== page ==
Traditional Estonian nude health to purify body and soul - Hexbag

Traditional Estonian nude health to purify body and soul


To relieve discomfort, rural Estonians have used smoke saunas for generations. They are a profound experience that clears the mind and spirit

I’m nude on a seat in a smoke sauna on a rare bright March day in Estonia. A sooty wooden beam supports my feet and a viht supports my head. I’m using this thin oak branch bundle as a cushion instead of lashing my naked body to remove dead skin and increase circulation. After soaking, dry leaves are flexible. Smoke and earthy fragrance enter my nose. My body is covered with perspiration from the humid air.

Mooska Smoke Sauna proprietor Eda Veeroja is nude. She pours water over heated pebbles on the brick stove. “Olen tuul üle väljade… I am the breeze over the meadows… She sings, “I hold you, I hold you,” with a lullaby music, leil lyrics, and rock steam.


As the crow flies, Mooska is 20km from the Russian border in southeast Estonia. It belongs to Vana Võromaa, also known as Old Võromaa, which includes portions of Võru, Polva, Tartu, and Valga counties. Võro, a Finno-Ugric language close to Estonian, originated in this isolated hilly area with over 70,000 native speakers.

The sauna has been prepared for eight hours by Veeroja. The steam room burner was fed logs for six hours of heating. A smoke sauna has no chimney, so the steam chamber is filled with smoke and the hot air rises to the ceiling, leaving just enough clean air below for her to keep feeding the fire. After the sauna reached 80C, she opened a ceiling hatch to ventilate it for two hours before we entered.


Saunas have been in northern Europe for millennia. Ancient Estonian houses were tiny chimney-less constructions with a burner in the corner, so they could be saunas or residences. In the 1980s, an excavation in northern Estonia revealed the first archeological evidence of a purpose-built, stand-alone sauna from the 12th to 13th centuries, presumably predating the first documented reference of “saun” in 1241.

Germanic culture overwhelmed local trade and religion after the Northern Crusades, and Baltic Germans made up most of Estonia’s landed aristocracy, even though the Danes, Swedes, and Russian Empire ruled Estonia. Masons created “smokeless stoves” (stoves with chimneys) for rich townspeople and urban bathhouses in the Middle Ages.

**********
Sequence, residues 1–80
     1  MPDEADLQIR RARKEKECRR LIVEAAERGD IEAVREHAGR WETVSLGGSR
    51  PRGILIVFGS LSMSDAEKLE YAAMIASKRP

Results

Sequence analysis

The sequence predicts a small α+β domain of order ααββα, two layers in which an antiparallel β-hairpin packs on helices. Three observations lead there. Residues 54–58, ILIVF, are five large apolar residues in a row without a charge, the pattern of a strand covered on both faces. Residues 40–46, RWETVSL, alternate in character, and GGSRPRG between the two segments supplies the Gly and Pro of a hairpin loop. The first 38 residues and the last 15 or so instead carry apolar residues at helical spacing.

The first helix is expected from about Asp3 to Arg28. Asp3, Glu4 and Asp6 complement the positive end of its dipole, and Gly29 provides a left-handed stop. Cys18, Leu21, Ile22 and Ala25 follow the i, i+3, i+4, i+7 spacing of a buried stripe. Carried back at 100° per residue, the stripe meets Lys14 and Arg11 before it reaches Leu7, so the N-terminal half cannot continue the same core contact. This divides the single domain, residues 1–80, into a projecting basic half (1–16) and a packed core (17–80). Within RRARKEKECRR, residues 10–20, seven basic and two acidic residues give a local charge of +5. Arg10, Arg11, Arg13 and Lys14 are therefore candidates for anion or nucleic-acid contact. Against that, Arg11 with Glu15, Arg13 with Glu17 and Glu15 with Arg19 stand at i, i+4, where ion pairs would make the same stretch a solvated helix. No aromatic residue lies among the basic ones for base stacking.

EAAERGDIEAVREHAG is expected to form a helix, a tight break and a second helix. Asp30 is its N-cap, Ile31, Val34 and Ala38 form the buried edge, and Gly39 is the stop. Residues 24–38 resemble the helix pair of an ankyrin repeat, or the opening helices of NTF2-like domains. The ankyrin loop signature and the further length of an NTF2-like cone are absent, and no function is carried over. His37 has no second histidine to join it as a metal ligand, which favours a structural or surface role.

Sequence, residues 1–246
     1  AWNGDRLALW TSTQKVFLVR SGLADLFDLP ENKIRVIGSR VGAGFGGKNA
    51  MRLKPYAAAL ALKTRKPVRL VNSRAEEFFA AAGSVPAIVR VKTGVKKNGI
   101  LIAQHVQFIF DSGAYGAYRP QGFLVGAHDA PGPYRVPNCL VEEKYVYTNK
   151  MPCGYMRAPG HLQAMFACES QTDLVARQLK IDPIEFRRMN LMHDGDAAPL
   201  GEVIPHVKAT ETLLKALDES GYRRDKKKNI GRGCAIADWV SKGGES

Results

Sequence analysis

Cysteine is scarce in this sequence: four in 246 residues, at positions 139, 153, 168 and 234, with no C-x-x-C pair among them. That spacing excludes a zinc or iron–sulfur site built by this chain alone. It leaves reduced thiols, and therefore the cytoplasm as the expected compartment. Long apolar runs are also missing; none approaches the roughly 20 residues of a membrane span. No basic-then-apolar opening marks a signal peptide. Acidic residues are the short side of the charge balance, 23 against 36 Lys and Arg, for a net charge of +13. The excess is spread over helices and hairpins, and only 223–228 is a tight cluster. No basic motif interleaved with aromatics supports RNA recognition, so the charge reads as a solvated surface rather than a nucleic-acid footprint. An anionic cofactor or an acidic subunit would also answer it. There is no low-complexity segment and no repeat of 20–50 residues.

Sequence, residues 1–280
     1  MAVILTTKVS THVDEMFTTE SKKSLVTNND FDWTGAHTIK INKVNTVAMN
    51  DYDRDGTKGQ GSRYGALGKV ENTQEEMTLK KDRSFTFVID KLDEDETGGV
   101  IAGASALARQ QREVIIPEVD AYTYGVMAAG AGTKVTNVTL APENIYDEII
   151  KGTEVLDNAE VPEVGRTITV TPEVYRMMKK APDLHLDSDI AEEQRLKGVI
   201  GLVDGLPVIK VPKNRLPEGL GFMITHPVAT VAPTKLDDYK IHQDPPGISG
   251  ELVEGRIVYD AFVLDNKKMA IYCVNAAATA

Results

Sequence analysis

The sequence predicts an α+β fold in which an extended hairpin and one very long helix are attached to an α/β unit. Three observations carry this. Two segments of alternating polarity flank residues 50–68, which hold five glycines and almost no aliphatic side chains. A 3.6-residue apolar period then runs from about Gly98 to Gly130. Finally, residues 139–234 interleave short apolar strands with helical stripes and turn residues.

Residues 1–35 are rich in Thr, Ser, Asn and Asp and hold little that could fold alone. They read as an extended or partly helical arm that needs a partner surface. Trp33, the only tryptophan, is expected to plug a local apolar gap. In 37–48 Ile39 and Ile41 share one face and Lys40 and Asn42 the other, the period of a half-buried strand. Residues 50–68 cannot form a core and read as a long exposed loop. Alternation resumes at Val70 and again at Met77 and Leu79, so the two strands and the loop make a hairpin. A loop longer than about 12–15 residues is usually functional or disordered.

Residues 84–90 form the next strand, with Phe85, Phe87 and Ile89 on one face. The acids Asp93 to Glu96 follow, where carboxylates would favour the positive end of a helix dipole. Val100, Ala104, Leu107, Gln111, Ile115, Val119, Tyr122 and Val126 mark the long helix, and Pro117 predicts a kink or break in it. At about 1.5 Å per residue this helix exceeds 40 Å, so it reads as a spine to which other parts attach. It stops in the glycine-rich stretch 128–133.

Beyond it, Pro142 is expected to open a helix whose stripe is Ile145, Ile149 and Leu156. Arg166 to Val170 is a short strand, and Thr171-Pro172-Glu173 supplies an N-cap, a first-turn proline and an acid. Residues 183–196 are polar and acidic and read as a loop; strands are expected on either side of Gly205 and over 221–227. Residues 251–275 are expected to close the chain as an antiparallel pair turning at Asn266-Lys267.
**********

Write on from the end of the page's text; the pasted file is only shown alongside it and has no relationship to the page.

The 2023 book Sauna: History, Culture, Health and Construction states that native Estonian culture, including sauna culture, was preserved for 700 years, particularly in South Estonia, apart from Hanseatic cities and trade lines. Peasant living improved little for centuries, and South Estonian saunas were generally chimneyless until the 1920s.

He traveled across Estonia and Europe when the Soviet Union’s occupation ended in 1991. She realized that urbanization and electric heating had modified sauna traditions. Võromaa’s smoke saunas had a deep quality that others had lost, and she realized she had something unique to give in her own garden.

Veeroja initiated the Unesco listing of Võromaa’s smoke sauna culture in 2009, and it was included to the list of Intangible Cultural Heritage in 2014. The section covers the smoke sauna structure, its construction and restoration, and associated practices including smoking meat in the sauna, celebrating and healing, and manufacturing viht.

The Anna Hints-directed Smoke Sauna Sisterhood debuted smoke saunas internationally last year. Hints, from Võru, documented the experiences of a group of ladies visiting smoke saunas in South Estonia, particularly Mooska, for seven years. In the film, smoke saunas are confessionals. Woman open up. They sing, weep, and hold space in stillness. Hints called the smoke sauna the “cosmic womb” that holds and heals.